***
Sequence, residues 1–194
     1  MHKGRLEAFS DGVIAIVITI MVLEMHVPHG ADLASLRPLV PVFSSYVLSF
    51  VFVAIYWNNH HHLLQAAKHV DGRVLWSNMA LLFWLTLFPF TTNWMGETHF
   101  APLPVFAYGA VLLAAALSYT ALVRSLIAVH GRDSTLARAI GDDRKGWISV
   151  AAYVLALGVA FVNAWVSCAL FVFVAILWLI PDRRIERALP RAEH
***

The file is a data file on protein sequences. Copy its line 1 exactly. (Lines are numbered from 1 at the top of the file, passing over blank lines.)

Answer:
Sequence, residues 1–194